Medical Service in World War I Exhibit Open Now

The UCSF Archives and Special Collections is pleased to announce the opening of a new exhibit at the UCSF Library, “DO THE BEST FOR OUR SOLDIERS”: University of California Medical Service in World War I.  The exhibit commemorates the centennial anniversary of US involvement in World War I and recognizes the service of UCSF doctors, nurses and dentists at Base Hospital No. 30 in Royat, France. It also highlights the war-related research and care provided by UCSF scientists and healthcare providers in San Francisco and abroad.

Base Hospital 30 nurses, circa 1918. John Homer Woolsey papers, MSS 70-5.

The exhibit features photographs, artifacts, and memorabilia from collections housed in the UCSF Archives, including a WWI Army-issued medicine kit, images of doctors and nurses serving in the field, and early 20th-century surgical and dental instruments.

Dental chair and equipment. This picture accompanied a letter written to Dr. Guy S. Millberry on October 7, 1918. UCSF School of Dentistry scrapbook titled “Dental College Alumni Serving in the First World War, 1917 – 1919.”

The exhibit will be open from April 2017-April 2018 on the main floor of the UCSF Library, 530 Parnassus Ave, San Francisco. It is free and open to the public during Library hours. Hosted by UCSF Archives and Special Collections and the History of Health Sciences Graduate Program, UCSF Department of Anthropology, History and Social Medicine. Curated by Cristina Nigro.

View photographs and other material related to UCSF service during World War I and World War II in our digital collections on Calisphere.

Remembering Base Hospital 30 of the First World War

This is a guest post by Cristina Nigro, UCSF History of Health Sciences graduate student.

Benjamin Ide Wheeler. Photograph Collection, Portraits.

Benjamin Ide Wheeler. Photograph Collection, Portraits.

In his Annual Report of the President of the University to the then-Governor of the State of California, UC President Benjamin Wheeler outlined the part of the university in the Great War:

On February 13, 1917, in view of the increasing probability of the United States entering the European War, the Board of Regents, at the instance of the President of the University, formally offered to the National Government the entire resources of the University for use in meeting whatever needs should arise in prosecuting the war.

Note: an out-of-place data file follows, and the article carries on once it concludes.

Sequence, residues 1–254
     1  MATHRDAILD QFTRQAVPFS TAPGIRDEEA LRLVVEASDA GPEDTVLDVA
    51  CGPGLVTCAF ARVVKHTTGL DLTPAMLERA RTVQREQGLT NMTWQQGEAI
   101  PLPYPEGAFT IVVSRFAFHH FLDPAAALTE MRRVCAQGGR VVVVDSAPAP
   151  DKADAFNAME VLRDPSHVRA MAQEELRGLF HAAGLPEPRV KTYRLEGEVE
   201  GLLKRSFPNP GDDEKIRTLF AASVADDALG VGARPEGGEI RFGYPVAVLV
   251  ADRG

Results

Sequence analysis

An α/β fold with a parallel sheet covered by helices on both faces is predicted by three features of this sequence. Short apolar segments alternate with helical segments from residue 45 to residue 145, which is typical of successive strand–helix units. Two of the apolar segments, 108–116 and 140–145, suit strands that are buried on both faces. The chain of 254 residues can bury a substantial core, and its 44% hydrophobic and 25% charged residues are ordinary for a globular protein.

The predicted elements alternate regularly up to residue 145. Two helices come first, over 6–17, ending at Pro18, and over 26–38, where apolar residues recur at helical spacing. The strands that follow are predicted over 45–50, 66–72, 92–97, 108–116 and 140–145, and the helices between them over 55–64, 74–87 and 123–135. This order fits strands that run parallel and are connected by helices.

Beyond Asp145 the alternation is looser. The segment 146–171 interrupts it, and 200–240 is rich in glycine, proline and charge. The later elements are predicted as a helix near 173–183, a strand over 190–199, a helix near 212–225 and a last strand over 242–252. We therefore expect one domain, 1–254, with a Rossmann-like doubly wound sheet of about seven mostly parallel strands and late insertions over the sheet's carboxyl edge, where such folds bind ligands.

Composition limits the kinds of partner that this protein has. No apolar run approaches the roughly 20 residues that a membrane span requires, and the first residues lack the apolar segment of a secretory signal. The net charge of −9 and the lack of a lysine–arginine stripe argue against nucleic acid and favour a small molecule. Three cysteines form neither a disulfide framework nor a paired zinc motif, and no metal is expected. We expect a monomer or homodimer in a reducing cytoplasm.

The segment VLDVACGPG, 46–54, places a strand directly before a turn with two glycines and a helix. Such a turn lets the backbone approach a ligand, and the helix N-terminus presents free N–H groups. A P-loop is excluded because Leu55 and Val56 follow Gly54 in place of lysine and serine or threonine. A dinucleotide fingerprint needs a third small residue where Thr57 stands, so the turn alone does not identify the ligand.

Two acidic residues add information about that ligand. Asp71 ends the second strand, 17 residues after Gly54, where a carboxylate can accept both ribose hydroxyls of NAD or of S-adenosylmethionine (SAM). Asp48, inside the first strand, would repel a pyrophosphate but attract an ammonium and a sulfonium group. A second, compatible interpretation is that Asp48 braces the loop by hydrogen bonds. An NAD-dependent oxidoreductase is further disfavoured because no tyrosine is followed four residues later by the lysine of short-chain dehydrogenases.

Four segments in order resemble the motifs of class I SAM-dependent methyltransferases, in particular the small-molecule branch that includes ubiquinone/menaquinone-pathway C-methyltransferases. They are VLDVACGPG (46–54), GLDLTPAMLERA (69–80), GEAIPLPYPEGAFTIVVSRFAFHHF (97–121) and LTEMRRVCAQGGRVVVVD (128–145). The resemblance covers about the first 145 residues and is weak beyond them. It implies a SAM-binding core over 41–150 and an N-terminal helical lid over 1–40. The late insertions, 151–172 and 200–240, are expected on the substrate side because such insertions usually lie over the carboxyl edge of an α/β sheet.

The American Red Cross and the Department of Medicine at the University of California Medical School were quick to respond to President Wheeler’s February 1917 call to action. In March, they began organizing plans for Base Hospital #30. According to Wheeler:

The Medical School has furnished the equipment and many of the members of Hospital Unit 30, under Dr. Kilgore. Of the 25 physicians, 23 are from our Medical School, 13 of them graduates. There are also 10 enlisted men among our medical students. Eight of the 65 nurses are from the University Hospital.

In June, the Base Hospital #30 Unit marched up Market Street as part of the Liberty Loan Parade. But the orders for mobilization to Fort Mason did not come until late November, and the unit had to spend the next three months outfitting and equipping the hospital.

Nurses and soldiers, World War I, circa 1917. From the H.M. Fishbon Memorial Library, UCSF Medical Center at Mount Zion.

Nurses and soldiers, World War I, circa 1917. From the H.M. Fishbon Memorial Library, UCSF Medical Center at Mount Zion.

The nurses of Base Hospital #30 left Fort Mason on December 26, 1917, arriving in New York Harbor on January 1, 1918. On January 25 the nurses were split up and sent to various Atlantic Coast camps. Eager to be deployed, Acting Chief Nurse Arabella A. Lombard recalled:

The camps were all in sore need of nurses at that time, and after the first huge disappointment at not being able to go directly to France, each one felt glad to be able to do some work in her own country, and in many, if not all instances, much valuable experience was gained from the nursing on this side.